A two-year starter after his conversion to corner from college safety to corner, Flowers isn’t working especially well. Carroll was uncharacteristically direct.
“We’ve got to get better,” said Carroll when asked about his message to Flowers, a fifth-round pick out of Oklahoma State. “It was hard (Sunday). They ran some good stuff at him.
“Settle in. That’s what I was talking about, going into the game. Trying to do a nice job of getting him settled down. This is two big years that he’s had. He’s going to continue to get better. He’s a really smart player, he’s tough as hell. He’ll make good progress, I think, from the year two to three.”
Then again, as Carroll ever publicly forecasted a player’s decline?
The same lack of clarity prevails for Collier, who injured an ankle in preseason and never contributed much of anything.
“I think he just needs to be in there,” Carroll said. “Get all of camp, get everything organized. We would like to play him inside and out. I already talked to him about making the kind of jump that Rasheem (Green) made from year one to year two. I thought Rasheem had a terrific season this year.
“Hopefully L.J. will make the same kind of advance.”
The Seahawks can ill afford to throw more resources at fixing the pass rush — unless they enjoy having Malik McDowell’s name bought up unto eternity. Clowney and Ansah are free agents, and Carroll sounded as if they will go hard to keep Clowney.
“He’s a terrific football player and he had a big impact on us,” he said. “We would love to have him back. He loves it here and he wants to be here.
“He dropped up to see (general manager John Schneider) just to let him know how important it was to him. He had a great time. Everybody in here, they had a ball competing together.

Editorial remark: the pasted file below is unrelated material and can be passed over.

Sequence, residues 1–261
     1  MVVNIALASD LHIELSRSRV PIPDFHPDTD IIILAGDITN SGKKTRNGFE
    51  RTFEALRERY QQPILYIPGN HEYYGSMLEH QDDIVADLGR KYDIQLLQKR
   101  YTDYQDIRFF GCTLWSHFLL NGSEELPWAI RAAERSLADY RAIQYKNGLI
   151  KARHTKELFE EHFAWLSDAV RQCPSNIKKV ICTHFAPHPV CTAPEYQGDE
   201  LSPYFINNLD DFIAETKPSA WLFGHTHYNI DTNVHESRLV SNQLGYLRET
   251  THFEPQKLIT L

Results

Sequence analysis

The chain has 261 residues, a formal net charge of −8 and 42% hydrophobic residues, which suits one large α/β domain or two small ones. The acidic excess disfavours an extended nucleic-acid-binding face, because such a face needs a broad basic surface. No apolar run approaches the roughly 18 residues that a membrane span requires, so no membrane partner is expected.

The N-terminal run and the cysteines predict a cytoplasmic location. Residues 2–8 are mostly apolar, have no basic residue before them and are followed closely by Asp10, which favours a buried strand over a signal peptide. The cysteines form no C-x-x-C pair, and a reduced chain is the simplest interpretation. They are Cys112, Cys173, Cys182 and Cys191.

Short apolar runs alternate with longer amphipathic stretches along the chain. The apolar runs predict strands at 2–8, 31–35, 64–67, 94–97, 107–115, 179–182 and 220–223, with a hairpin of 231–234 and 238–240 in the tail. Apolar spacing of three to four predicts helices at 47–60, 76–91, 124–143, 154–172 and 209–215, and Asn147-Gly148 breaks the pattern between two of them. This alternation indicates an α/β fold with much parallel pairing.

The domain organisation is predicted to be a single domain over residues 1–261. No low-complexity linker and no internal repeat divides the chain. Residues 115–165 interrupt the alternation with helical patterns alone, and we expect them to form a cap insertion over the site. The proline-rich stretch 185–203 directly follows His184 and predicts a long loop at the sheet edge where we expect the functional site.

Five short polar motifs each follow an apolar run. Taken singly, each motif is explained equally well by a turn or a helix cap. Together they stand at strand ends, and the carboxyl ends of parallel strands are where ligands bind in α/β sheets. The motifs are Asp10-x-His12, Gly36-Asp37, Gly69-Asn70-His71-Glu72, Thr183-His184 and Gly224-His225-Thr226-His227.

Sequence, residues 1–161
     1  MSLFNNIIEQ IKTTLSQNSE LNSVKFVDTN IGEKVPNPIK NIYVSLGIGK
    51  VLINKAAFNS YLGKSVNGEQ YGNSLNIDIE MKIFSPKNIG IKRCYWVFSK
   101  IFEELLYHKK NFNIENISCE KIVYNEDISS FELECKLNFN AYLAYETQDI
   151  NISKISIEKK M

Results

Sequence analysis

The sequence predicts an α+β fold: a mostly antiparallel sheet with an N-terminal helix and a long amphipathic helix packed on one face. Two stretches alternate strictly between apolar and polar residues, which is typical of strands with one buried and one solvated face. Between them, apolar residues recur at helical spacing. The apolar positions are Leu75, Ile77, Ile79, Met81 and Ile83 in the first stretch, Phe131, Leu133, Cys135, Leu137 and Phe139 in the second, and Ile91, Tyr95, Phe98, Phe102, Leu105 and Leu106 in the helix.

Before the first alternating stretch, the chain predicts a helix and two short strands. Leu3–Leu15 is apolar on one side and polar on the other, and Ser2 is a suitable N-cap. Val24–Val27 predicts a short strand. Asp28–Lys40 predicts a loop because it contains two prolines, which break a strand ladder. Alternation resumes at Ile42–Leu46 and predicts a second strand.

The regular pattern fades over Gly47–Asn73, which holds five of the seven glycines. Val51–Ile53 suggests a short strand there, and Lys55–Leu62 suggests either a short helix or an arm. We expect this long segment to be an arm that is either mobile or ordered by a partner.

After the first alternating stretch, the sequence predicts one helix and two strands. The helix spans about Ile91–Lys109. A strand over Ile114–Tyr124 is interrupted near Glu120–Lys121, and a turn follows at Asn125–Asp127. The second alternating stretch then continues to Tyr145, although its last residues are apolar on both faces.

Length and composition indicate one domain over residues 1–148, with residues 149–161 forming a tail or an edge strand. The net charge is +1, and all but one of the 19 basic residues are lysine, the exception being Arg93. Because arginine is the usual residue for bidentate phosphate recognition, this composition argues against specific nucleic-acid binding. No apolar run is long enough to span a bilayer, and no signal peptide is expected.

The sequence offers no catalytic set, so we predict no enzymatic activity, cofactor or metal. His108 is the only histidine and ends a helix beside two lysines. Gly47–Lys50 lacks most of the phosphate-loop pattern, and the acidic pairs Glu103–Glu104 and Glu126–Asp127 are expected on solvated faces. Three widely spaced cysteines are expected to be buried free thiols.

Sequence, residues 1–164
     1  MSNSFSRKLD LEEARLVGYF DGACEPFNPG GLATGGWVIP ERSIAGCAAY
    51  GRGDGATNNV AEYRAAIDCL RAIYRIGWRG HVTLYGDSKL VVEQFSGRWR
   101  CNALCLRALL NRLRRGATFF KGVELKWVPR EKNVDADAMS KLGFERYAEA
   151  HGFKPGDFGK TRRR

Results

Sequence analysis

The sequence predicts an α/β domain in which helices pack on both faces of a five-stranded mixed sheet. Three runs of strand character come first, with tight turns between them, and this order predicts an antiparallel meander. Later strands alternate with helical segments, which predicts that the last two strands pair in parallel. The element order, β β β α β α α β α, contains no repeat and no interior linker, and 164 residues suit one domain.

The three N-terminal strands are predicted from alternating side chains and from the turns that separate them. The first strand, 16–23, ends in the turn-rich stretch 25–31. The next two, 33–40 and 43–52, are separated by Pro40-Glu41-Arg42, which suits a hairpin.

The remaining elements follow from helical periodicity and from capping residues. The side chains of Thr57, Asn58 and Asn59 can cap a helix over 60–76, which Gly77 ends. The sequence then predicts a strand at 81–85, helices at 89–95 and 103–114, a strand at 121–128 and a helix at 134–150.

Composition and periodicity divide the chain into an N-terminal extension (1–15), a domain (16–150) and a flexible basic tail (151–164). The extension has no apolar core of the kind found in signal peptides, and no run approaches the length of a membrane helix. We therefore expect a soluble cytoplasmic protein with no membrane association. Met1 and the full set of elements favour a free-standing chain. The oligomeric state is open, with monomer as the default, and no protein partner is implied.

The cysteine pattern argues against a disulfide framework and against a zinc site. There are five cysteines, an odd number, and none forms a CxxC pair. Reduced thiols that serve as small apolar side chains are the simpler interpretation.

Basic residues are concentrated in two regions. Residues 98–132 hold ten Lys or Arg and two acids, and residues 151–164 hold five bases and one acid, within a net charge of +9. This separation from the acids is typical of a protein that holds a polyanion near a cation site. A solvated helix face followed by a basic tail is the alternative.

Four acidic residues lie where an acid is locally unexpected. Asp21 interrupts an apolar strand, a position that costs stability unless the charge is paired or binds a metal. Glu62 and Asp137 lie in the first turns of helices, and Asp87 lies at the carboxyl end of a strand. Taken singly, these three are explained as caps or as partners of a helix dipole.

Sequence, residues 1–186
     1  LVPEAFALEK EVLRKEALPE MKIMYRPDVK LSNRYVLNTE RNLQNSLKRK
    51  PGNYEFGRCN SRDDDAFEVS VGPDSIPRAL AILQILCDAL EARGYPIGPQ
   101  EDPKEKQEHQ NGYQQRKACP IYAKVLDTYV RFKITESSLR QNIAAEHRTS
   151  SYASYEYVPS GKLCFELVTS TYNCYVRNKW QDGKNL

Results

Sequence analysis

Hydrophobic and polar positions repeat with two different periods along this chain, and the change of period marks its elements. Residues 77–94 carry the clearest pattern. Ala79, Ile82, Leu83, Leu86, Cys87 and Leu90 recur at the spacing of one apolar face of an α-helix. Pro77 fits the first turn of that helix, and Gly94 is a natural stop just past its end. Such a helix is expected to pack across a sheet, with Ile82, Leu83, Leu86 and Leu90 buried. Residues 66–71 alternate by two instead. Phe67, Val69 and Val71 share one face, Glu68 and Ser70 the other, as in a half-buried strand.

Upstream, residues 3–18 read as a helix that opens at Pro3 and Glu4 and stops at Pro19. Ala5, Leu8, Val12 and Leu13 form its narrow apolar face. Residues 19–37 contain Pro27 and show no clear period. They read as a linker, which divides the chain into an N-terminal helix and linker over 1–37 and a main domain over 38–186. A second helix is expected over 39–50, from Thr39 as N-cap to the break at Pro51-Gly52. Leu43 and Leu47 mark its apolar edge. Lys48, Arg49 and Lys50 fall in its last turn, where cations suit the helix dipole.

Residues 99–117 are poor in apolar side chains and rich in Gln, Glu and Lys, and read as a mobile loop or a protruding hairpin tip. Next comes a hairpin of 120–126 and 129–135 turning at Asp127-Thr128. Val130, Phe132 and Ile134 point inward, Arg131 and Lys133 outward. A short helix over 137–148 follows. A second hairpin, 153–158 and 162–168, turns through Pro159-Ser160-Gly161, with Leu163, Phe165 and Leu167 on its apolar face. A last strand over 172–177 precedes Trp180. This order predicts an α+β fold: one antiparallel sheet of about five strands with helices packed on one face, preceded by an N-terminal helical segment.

“It’s interesting to see the new guys that come in, because they’re more surprised by the environment.”
Seattle is well established as a good place to play. But in the past two seasons, playing well on defense has been relatively rare.
“We were not consistent,” Carroll said. “Too many explosive plays of various natures. For the most part, we had problems on the edge. We had containment issues. We found that the offenses really put the ball on the perimeter against us a lot. That does challenge us in some ways.”
Absent a defense that can harass a passer and deny most explosive plays, the whole Seahawks enterprise staggers into perilously close games. Too much pressure was put on QB Russell Wilson to throw early and often, especially after all three running backs were lost in December. The emergency re-hire of Marshawn Lynch was a novelty act, not a solution.
Obviously a 12-6 mark that finishes in the final eight is a good season. But as long as Wilson is healthy, the chance for greatness looms because margins at other positions are so small throughout the NFL.
Who knows what would have happened if the Seahawks had managed another inch for a touchdown Dec. 29 to sweep the 49ers and get a bye? Carroll certainly wondered.
“Unbelievable separation between where you would be, to where you wouldn’t be, because of (the loss to the Niners) — it was amazing,” he said. “Maybe that would’ve propelled us. Getting another week off might have been a big deal.”
It would have at least averted a short-notice trip to Green Bay. For that alone, the traveling media entourage would have forgiven Carroll his trespasses with challenge flags, timeouts and delay of game penalties.